Some grapes give off more fragrance than others. In the wine business we call these “aromatic varieties”, and during the winemaking process, many of the best winemakers will try to retain these unique smells in the wine, which I think makes for a really fun sipping experience as well as interesting for food pairing.
Watch this CTV clip for a video of four of my personal favourite aromatic grape varieties!
- Crios Torrontes, Argentina | around $15 | available nationally
- If you live in Toronto, it won’t be hard to remember the grape Torrontes. Wines using this grape typically have really fragrant aromas that remind us of big flowers and tropical fruits. Remember Calgon body spray? Crios is an affordable, delicious version that’s made by iconic female winemaker Susana Balbo from Argentina – one of the main Torrontes producing countries. I would pair this with Mediterranean dishes like falafel or also make a spritzer with this plus sparkling water and frozen berries.
- Burgans Albarino, Spain | around $20 | most major markets
- On the more delicate side of floral, Albarino is a lovely aromatic grape that comes from the west coast of Spain and Portugal (you’ll see this spelled with a V on Portuguese labels). To me, Burgans, from the Rias Baixas area of Spain, has gentle aromas of small tree blossoms and really nice orchard fruits like apples and peaches. Great with grilled seafood, paella of course, to match the Spanish theme, or peach or mango salsa, Thai curries. This is one of my go-to sushi wines.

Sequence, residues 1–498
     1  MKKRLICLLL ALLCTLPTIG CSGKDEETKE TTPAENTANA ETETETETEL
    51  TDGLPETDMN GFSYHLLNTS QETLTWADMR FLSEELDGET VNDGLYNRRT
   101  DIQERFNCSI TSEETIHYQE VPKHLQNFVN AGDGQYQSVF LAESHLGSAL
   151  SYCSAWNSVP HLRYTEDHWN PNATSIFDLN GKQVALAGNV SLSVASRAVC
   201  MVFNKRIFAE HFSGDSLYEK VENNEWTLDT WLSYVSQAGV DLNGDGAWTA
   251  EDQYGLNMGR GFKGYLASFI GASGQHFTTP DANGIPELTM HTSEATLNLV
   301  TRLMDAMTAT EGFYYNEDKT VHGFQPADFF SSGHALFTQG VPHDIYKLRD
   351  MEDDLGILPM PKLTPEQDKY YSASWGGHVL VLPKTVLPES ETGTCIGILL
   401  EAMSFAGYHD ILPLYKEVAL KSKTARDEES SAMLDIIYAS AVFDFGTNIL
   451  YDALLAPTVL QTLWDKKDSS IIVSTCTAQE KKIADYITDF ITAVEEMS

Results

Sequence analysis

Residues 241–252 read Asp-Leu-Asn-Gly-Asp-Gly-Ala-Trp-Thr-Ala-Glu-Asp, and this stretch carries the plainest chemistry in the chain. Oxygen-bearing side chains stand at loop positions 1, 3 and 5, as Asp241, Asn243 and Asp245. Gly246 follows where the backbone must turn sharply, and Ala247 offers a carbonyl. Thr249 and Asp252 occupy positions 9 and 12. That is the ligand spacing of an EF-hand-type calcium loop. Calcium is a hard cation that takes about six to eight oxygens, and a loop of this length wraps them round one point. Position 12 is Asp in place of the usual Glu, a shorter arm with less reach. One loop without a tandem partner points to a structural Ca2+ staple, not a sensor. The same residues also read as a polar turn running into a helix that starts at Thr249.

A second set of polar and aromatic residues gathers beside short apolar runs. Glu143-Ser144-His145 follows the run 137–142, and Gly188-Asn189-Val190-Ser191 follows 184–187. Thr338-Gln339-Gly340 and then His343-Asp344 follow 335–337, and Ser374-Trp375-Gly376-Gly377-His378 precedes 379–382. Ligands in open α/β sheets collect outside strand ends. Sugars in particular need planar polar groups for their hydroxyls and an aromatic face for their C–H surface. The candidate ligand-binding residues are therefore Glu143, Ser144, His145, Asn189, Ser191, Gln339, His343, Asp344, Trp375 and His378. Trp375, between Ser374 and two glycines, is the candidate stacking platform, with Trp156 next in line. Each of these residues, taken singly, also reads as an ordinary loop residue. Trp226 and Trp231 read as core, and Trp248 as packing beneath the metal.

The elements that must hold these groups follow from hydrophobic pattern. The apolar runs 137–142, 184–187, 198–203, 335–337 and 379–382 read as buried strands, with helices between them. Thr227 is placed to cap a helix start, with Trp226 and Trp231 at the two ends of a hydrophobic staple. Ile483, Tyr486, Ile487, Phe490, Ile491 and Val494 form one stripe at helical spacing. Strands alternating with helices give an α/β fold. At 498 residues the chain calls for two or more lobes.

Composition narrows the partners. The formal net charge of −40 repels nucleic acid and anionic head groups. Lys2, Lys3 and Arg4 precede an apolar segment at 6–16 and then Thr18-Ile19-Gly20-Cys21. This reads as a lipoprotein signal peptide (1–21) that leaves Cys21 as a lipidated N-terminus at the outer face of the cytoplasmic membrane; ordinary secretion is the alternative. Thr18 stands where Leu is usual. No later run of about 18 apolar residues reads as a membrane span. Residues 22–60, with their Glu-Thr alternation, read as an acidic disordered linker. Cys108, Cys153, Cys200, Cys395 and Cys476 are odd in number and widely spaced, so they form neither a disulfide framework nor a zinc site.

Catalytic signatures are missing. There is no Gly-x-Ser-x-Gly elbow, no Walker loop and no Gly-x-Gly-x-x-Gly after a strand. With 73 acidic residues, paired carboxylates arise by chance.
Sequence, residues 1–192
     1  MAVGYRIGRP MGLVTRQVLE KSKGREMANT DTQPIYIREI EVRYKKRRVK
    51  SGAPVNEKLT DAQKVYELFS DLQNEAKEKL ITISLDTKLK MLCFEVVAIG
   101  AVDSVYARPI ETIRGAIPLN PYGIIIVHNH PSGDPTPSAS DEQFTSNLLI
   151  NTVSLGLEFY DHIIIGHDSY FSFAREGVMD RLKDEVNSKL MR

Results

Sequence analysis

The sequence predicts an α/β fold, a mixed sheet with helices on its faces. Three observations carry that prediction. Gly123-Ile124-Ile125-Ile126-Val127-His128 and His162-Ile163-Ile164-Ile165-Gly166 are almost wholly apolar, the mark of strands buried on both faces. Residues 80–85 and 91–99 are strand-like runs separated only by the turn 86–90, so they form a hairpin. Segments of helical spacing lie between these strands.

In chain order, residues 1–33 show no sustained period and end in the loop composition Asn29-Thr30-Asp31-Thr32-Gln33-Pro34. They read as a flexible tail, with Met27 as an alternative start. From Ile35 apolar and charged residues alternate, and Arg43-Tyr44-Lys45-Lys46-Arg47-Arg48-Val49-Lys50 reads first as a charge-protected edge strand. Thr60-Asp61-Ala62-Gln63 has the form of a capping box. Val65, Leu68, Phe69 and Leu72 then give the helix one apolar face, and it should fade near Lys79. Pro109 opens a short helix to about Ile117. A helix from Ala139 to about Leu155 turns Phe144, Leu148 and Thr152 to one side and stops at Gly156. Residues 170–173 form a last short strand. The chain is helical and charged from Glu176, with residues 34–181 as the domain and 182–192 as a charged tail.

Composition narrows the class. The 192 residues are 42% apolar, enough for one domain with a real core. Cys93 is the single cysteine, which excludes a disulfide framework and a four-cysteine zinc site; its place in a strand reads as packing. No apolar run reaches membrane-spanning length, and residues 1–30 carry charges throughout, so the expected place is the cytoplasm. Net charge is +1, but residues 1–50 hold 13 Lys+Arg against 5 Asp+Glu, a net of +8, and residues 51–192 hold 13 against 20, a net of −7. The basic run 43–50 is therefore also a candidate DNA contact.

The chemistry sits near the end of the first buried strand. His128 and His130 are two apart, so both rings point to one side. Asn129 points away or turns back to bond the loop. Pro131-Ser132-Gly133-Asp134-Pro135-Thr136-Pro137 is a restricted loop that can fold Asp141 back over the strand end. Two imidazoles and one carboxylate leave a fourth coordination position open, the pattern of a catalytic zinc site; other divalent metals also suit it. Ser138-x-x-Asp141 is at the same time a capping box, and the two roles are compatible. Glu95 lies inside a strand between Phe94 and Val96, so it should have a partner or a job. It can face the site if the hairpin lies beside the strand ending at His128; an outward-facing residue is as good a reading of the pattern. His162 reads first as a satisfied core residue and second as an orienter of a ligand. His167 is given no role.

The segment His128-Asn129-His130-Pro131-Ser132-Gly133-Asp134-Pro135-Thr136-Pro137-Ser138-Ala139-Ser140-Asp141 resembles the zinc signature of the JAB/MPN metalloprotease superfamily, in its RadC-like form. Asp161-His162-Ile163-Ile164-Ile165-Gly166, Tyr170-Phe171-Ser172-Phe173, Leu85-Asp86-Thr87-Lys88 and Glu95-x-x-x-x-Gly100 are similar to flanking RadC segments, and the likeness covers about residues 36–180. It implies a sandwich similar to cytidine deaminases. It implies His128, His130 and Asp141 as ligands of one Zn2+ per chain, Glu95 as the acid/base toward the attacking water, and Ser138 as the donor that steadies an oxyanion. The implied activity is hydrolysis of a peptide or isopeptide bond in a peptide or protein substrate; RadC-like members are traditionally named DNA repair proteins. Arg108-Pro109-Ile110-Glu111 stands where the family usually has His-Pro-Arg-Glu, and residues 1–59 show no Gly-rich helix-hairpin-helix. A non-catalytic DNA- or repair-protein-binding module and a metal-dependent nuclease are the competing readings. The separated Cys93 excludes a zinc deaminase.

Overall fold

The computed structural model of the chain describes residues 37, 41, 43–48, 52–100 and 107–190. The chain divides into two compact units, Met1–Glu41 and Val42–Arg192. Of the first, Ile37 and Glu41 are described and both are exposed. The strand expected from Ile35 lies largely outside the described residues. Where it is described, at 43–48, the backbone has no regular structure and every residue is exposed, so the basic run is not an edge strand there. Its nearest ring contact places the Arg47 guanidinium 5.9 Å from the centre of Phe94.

- Trail Estate skin fermented Gewurztraminer, Prince Edward County, Ontario | $45 | order direct from the winery
- This is my local pick for today, from natural wine producer Trail Estate in Prince Edward County. Do you smell rose petals? Gewurztraminer is a pretty fragrant wine grape to begin with, and when you let it steep in its own skins for length of time, it will also gain some grip and texture from the tannins in the grape skin. I often find that Gewurz can remind me of roses, quite a heady perfumey smell to it. Because this wine has some tannin I would encourage you to try this with heartier dishes like biryani or Filipino lechon and sticky coconut rice.
- Filodivino « Diana » Lacrima di Morra d’Alba, Italy | around $20 | BC and ON
- Yes red wines can smell floral too! Most people who know me know that I love to try unusual grapes that can only be found in one spot on the planet. One of my all time favourites is the Italian red grape Lacrima, which you can find mostly in the Marche region of Italy – the calf of the boot. Filodivino is an organic winery and I really like this version. It’s got lovely tones of violets and roses that really jump out of the glass. It’s not too heavy, making it a great summer red, and would be really tasty with kebabs featuring peak summer produce like tomatoes, eggplants, artichokes, zucchini.
[pic credit: CTV Your Morning]